The Aikido I taught was passed to me by Tris Sutrisno, as was expressed through his father’s art. Technically it is not Aikido as expressed within Aikido tradition.
Aikido as developed by Usheiba Morihito basically is a series of techniques that lead to locking an opponent or leading the opponent to projection.
Usheiba developed his Aikido over his studies in many martial arts, foremost among them Daito Ryu Aiki Jutsu.
Daito Ryu Aiki Jutsu, itself an extremely complex Japanese tradition, consists of a huge number of techniques. Usheiba Sensei only utilized a small subset of Daito Ryu Aiki Jutsu in his Aikido, but those techniques have unlimited ways they can be used. Aikido is not a lesser art, just a different art.
To clarify some of what Daito Ryu is I offer an example;
In the Sutrisno family Shotokan, Aikido drills are introduced at Kyu level training, Each drill is a combination of an Aikido lock or projection against an attack, leading to a takedown and controlling lock or a projection. Various karate techniques can also be utilized in making those things happen. I understood the complete set was 20 techniques, but only 12 were studied at the kyu level. There are also many other later aikido studies.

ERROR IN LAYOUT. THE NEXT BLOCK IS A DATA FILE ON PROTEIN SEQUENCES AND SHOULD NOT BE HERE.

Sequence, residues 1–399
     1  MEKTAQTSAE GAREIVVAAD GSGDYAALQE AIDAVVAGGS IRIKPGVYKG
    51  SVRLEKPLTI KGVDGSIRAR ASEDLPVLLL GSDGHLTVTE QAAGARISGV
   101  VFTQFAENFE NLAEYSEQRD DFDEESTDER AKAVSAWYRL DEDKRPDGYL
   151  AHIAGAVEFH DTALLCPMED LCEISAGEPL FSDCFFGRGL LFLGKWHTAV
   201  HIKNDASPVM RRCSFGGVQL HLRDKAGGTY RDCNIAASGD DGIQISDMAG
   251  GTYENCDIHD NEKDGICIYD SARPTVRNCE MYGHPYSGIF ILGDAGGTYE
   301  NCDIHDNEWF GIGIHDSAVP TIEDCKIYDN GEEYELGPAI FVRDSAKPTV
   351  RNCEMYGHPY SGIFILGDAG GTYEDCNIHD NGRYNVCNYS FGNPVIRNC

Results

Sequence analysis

I learned them and in turn utilized them for my students, the first 8 at kyu level, the remainder as dan studies.
Trying to understand the structure that the Sutrisno family Shotokan developed, I believe these drills were far more than introduction to Aikido techniques. Of course they are and they are fine drills in and of themserves, but I see them as much more.
In the Sutrisno family Shotokan, bunkai of kata is not a kyu study. Application potential is not withheld from students, rather it is not studied at that time. Instead more stress is focused on developing skill in technique, skill to be used when bunkai is later studied.
These Aikido drills are more to teach what a complete technique is. To take the opponent to the floor and incapacitate them or to use the aikido to project them to the ground. And the larger skills to be later used in application study is how to enter the space around an attack, and then use that space to conclude the attack.
Skill useful for later application study.
We use these drills in Aikido much the same way for our students.
Each a fine ending method on their own, they are also solid building blocks for later studies.
Over the years I have written much about Aikido in my blog. For those interested or to jog the memories in my lineage I offer these links below: